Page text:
Feeling quite full at this point, we were nevertheless served our third course with a lush red 2000 Colle Dei Venti Barolo- L had the Wood-Oven-Roasted Lamb Sirloin (with braised lamb and pecorino arroncino) and I chose the Pheasant Breast Stuffed with Fennel Sausage and Cavolo Nero (with foie gras and chestnut budino, pheasant and vin santo sugo with kumquat syrup). The lamb was impeccable, with a gorgeous, herbed, woodsmoke flavour that had me- the one person in the world who doesn't like the taste of lamb- happily accepting forkful after forkful. We both agreed that the hot pepper stuffed full of tender, succulent braised lamb was wonderfully flavoured with a great spicy zing, and L was thrilled that the lamb steak was served on the rare side of medium-rare, which is exactly what he thinks medium-rare should be. The pheasant was very juicy and flavourful, topped with its own addictively crisp, savoury skin and a delicious lashing of sweet-tart candied kumquat sauce, and stuffed with a moist, tasty mixture of greens, ground pheasant and fois gras. It was accompanied by a fluffy, custardy chestnut budino, or bread pudding- happily, some crusts were in the mix- that won us both over immediately.

For our dessert course, I wasn't up for anything more than the airy, tart, and sweet Trio di Sorbetti- prickly pear, white peach, and mixed berry sorbets served with fresh berries and a few small biscotti. Somehow, full as I was, it was so refreshing that I ended up eating the entire serving! L went the somewhat light route too, and had a luscious lightly-Baked Apple with a nice caramel sauce and toasted almonds. Desserts were served with a sweet, heady, floral '05 Moscato...

During dessert, out came the party hats, honkers and tiny streamer-firing crackers, and, of course, a dry, fizzy Prosecco for toasting! When midnight arrived, the two of us and two other couples remaining in the ground floor dining room were invited to troop upstairs to the small second floor dining room with the chef, waitstaff, and bar/kitchen crew for a loud and raucous toast (the ONLY way to toast, in my opinion) with the remaining diners, who had already begun to happily belt out all kinds of New Years songs!

After midnight, Chef Ziskin was out and about, pouring Prosecco left and right, and, when I managed to catch him to thank him for yet another fabulous meal, he was nice enough to share the recipe for the parsnip soup (score!). He probably thought I was nuts, but I guess I was feeling a bit bold after all that wine! In any case, he indulged me, which was very kind. The soup turned out to be stunningly easy, which just goes to show that simple dishes are also often the best. I wrote down the recipe as soon as I got home, so I'll be experimenting with it- hopefully I remembered everything correctly- and I'll post it once I've got the flavour and texture right. I could eat huge bowls of that soup each and every cold winter night.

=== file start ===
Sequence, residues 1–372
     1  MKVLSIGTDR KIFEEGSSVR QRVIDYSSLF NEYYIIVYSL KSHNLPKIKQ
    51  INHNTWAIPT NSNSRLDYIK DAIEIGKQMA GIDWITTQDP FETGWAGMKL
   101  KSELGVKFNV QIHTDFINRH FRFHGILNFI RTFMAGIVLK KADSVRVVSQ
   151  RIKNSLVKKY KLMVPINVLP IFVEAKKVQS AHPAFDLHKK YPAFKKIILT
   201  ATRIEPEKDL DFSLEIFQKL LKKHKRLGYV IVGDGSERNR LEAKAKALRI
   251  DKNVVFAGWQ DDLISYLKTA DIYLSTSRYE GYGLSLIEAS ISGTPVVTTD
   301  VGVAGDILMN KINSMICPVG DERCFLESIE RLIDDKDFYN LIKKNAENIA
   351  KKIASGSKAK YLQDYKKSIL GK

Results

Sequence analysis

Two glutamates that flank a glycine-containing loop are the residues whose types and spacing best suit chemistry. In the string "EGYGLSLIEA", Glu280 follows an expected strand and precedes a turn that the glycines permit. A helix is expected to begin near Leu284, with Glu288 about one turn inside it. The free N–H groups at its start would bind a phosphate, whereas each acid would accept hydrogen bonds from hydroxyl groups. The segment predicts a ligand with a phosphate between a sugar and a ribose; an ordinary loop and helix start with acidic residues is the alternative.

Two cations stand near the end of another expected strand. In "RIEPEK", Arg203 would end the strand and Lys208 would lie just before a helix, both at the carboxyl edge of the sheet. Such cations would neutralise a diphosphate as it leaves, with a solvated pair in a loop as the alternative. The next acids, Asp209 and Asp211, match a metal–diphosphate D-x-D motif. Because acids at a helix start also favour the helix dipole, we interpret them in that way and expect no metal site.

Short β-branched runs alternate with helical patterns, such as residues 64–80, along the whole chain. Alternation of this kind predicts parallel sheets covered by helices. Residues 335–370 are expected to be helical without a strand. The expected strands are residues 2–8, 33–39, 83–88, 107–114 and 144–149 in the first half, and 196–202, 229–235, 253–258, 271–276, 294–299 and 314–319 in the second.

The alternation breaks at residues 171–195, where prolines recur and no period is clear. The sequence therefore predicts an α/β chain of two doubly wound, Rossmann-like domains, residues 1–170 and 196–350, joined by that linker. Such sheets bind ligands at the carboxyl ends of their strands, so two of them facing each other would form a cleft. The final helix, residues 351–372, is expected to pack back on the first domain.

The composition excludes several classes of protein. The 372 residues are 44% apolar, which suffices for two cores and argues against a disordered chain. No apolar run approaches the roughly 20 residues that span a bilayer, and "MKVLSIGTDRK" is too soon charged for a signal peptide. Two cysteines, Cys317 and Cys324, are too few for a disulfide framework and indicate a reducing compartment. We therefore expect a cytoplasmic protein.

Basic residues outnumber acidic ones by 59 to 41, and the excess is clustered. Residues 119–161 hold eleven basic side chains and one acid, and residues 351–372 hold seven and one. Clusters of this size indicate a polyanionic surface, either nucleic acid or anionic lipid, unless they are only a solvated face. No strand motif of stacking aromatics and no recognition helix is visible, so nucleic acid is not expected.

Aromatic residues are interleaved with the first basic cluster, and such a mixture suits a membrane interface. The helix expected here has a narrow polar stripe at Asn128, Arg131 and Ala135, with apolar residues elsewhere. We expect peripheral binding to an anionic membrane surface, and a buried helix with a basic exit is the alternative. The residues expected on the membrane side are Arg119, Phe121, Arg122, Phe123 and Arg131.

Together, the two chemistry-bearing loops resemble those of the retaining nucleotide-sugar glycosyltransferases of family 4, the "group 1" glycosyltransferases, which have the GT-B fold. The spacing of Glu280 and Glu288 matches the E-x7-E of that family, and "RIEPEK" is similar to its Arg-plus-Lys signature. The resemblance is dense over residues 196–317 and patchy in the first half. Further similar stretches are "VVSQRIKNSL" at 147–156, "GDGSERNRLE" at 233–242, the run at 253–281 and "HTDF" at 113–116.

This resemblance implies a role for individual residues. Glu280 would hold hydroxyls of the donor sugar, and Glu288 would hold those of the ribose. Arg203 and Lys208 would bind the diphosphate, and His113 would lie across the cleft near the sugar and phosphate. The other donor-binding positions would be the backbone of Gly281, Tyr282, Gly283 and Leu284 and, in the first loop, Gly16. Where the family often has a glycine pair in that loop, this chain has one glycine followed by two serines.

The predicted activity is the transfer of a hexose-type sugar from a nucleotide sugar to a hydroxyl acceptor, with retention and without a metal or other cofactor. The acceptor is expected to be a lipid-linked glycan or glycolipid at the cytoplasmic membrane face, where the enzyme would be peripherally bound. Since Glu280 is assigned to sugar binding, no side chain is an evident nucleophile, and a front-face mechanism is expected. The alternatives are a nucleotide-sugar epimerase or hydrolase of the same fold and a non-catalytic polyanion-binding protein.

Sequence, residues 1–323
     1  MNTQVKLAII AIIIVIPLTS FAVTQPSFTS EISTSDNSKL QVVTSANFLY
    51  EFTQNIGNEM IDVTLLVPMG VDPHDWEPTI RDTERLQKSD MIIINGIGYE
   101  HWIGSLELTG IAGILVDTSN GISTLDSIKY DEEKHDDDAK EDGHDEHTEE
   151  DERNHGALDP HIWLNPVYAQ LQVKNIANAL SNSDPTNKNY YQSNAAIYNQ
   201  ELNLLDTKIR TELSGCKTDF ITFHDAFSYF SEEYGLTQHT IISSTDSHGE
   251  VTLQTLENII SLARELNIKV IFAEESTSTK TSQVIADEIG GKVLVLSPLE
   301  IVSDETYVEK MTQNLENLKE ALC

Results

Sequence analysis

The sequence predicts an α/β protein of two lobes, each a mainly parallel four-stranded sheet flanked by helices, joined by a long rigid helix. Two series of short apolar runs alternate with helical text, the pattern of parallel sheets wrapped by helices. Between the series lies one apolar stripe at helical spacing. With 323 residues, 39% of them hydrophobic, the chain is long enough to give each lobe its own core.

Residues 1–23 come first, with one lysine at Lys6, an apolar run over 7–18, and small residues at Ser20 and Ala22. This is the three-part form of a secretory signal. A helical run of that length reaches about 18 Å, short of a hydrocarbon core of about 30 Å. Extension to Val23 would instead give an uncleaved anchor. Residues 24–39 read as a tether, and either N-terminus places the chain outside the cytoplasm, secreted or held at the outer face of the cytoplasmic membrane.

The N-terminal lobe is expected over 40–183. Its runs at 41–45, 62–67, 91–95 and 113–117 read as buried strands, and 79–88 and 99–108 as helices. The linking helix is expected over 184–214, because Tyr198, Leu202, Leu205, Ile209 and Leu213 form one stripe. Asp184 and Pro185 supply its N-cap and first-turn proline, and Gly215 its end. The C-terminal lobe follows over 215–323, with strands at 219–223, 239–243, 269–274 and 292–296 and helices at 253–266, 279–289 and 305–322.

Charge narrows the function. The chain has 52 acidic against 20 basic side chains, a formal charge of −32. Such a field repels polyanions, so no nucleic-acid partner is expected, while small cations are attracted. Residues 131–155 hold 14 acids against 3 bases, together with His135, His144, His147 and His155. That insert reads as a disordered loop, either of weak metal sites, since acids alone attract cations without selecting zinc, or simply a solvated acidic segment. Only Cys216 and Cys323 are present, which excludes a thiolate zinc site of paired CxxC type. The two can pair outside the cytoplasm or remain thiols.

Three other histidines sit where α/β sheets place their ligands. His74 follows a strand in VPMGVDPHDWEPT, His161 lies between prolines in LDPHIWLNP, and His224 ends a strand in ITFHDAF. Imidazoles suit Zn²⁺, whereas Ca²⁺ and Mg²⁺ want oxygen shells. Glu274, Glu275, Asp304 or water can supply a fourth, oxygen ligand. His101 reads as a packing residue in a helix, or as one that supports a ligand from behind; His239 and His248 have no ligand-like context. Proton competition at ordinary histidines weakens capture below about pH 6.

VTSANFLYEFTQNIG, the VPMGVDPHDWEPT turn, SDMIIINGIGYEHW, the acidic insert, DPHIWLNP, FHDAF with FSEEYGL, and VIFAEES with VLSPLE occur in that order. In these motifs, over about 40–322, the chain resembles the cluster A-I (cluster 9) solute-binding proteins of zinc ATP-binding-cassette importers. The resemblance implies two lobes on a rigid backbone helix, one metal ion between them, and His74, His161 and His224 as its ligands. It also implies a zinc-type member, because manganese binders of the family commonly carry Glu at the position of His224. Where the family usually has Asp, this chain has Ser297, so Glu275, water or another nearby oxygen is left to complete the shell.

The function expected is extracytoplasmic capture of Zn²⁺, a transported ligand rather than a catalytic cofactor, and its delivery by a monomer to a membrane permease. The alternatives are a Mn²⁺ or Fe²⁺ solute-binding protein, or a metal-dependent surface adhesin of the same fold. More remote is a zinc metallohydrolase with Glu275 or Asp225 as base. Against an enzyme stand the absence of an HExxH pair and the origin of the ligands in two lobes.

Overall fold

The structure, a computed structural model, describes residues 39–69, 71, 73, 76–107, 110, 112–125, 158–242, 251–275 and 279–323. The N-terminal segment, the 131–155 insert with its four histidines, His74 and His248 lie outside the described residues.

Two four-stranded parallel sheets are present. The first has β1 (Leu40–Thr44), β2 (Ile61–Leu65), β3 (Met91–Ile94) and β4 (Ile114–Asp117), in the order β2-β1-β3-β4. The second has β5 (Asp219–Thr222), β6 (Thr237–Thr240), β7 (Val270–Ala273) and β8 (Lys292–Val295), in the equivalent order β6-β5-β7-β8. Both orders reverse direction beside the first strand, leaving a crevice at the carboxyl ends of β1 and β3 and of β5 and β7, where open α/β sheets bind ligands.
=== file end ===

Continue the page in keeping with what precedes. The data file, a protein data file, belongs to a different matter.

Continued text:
Thanks to Chef Ziskin and his staff, L and I ended the night stuffed full of amazing food, excitedly gabbing about why we love La Morra so much and how we need to go back more often, and happy to start the new year on such a high note.

In fact, we enjoyed ourselves so much that we're going back on January 13th for a 5-course homemade pasta dinner! I'm definitely excited!


lesha said...

petite, you're so chic. I love the vivid description you give of the dishes and of the feeling of enourmous well-being given by it.

actually, after reading about your new year's celebration I feel a bit of a nerdy person ;-)))


la petite gourmande said...

You're so nice! Too nice, really!

If you ever come to Boston, I'd say we'd have to meet up and take you there... but it would be silly to take you out for Italian food, eh?!

Nah, you're not nerdy at all. It sounds like you had a lot of fun (except the morning after ;).